According to reported data from human rights groups, since 2022, there have been 78,000 arbitrary detentions. This is likely because they consider nearly all of the arrests to be arbitrary detentions.

The rights groups are also upset that “approximately 102,000 people are now deprived of their freedom in the country,” disregarding the fact that these people are criminals.

Additionally, they are upset that the prisons are overcrowded by 148%, which is absolutely true. The prisons are not pleasant, and a sane person would avoid going there by not committing crimes.

They also lost sleep over 235 deaths in state custody. There is no mention of how many of these deaths represented prisoners being killed by other prisoners, nor have they stopped to consider that five times that number of innocent people would have died during the same time period if these gang members were not in prison.

Rights groups have claimed that Bukele’s New Ideas party winning 58 of 60 seats in the country’s legislature has turned the country into a one-party state, with a “dangerous” concentration of power.

They are missing the point that the country had a fair election and the people were free to vote for the horrible system they had before, or law and order, which is now making their lives livable again. And they chose the latter.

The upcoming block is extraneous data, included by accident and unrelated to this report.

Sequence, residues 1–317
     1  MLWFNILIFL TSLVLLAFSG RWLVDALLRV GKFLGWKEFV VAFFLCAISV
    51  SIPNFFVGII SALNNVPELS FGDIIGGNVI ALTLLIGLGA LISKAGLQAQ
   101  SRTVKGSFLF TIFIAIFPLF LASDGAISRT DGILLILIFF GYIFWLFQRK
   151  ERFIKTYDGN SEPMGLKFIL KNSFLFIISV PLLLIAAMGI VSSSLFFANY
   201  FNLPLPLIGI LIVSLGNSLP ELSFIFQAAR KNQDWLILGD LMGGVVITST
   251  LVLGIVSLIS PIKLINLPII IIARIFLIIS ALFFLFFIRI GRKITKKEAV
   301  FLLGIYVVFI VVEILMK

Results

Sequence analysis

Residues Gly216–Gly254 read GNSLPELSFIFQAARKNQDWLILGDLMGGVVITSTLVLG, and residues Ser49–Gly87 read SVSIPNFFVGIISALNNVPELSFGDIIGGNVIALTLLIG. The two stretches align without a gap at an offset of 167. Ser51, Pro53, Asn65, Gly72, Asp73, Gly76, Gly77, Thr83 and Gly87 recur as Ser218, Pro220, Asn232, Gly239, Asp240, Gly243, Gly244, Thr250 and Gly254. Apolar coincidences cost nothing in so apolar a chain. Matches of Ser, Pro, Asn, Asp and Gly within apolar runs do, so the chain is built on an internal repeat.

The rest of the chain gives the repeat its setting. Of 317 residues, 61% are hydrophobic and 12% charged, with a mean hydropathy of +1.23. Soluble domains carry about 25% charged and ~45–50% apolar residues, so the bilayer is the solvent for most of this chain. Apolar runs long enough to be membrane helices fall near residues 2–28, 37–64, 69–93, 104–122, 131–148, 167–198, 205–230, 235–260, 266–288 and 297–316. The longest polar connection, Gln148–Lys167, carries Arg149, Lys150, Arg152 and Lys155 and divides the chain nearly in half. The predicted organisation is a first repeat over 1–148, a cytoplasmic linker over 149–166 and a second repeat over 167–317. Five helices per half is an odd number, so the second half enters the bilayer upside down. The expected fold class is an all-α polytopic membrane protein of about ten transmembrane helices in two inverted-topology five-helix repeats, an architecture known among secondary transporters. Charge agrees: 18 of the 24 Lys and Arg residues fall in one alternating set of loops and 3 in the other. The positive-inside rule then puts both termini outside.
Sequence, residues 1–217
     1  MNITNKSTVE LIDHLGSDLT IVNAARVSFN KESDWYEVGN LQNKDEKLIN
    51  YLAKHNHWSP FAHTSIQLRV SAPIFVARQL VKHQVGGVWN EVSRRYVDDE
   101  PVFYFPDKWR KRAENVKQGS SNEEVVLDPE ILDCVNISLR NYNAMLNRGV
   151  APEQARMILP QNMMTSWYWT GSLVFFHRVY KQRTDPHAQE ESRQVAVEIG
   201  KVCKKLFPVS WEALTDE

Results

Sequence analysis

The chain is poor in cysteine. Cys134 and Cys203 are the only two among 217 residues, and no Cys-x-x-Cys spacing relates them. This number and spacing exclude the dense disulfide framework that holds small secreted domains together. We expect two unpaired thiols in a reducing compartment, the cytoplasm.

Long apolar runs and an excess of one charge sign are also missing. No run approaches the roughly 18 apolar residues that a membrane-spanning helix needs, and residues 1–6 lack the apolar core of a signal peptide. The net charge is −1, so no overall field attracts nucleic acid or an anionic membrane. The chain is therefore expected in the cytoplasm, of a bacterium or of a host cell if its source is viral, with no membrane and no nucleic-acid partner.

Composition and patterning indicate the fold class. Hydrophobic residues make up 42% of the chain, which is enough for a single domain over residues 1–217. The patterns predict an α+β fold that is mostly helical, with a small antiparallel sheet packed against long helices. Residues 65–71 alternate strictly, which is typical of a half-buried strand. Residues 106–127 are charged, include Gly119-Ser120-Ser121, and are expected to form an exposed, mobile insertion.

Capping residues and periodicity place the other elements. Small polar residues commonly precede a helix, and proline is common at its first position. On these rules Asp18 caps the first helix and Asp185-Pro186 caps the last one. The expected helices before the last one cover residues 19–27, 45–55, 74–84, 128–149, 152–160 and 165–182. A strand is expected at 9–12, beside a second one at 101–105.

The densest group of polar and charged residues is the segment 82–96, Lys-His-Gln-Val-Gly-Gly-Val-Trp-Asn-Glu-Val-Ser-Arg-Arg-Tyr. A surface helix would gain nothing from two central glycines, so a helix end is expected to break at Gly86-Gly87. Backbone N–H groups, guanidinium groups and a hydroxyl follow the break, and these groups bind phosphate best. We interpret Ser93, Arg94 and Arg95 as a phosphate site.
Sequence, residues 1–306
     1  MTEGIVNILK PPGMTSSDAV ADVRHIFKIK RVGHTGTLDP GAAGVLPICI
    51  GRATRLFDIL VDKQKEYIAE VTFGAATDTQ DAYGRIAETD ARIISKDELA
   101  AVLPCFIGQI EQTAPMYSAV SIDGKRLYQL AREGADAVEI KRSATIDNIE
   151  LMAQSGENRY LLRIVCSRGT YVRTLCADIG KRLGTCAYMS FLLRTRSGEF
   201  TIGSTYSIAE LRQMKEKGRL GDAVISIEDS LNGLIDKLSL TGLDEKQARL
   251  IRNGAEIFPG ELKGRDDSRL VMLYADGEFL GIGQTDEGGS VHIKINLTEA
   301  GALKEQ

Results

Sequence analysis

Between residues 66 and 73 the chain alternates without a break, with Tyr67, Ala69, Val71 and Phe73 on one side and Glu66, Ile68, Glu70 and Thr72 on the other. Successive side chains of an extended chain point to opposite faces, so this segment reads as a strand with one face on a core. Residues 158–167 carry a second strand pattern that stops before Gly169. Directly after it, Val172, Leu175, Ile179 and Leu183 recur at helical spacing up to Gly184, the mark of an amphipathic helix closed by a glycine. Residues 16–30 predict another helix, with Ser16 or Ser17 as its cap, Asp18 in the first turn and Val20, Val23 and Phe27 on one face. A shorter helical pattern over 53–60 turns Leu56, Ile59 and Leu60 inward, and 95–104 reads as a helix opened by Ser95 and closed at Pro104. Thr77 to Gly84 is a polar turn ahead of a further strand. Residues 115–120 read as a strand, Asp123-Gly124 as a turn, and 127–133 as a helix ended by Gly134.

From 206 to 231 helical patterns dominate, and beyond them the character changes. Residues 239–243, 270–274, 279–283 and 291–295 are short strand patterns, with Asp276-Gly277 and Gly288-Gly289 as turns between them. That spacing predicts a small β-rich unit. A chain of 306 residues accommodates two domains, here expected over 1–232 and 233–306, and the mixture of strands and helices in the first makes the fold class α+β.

According to Gabriela Santos, director of the Human Rights Institute at the University of Central America (IDHUCA), “Bukele’s popularity underlines how some Central American countries have struggled to launch sustainable democratic models.”

Again, there appears to be no flaw in El Salvador’s democracy. The critics just do not like the way the vote turned out. Santos went on to say that countries never recovered their democratic principles “in the aftermath of civil conflicts between left-wing guerrillas and U.S.-backed right-wing authoritarian regimes.”

There is no indication that the people voting for Bukele had any connection to the US or to right-wing regimes.

Liberals are claiming that there is a frightening move toward fascism in Latin America because 2 of 32 countries now have a president who is not a socialist. The other bright spot is President Javier Milei in Argentina, whom the liberals also hate.

He is cutting the government down to size, waging a war on debt and waste. He told school children that abortion is murder. He is pro-gun and is considering deploying the military to take on the gangs.

The shocking lesson we can all learn from El Salvador is that if you arrest all of the bad guys and keep them in jail, and if those who remain free are made to believe that crime has consequences and jails are horrible places, the streets become safer, and people can live their lives.

The other takeaway here is that if a president is tough on crime and wants to cut government spending and improve the lives of citizens, the liberals attack him.

It is also incredibly condescending that liberals in Europe or the US or elsewhere believe that 85% of Salvadorians do not know what is best for their country and voted for the wrong person.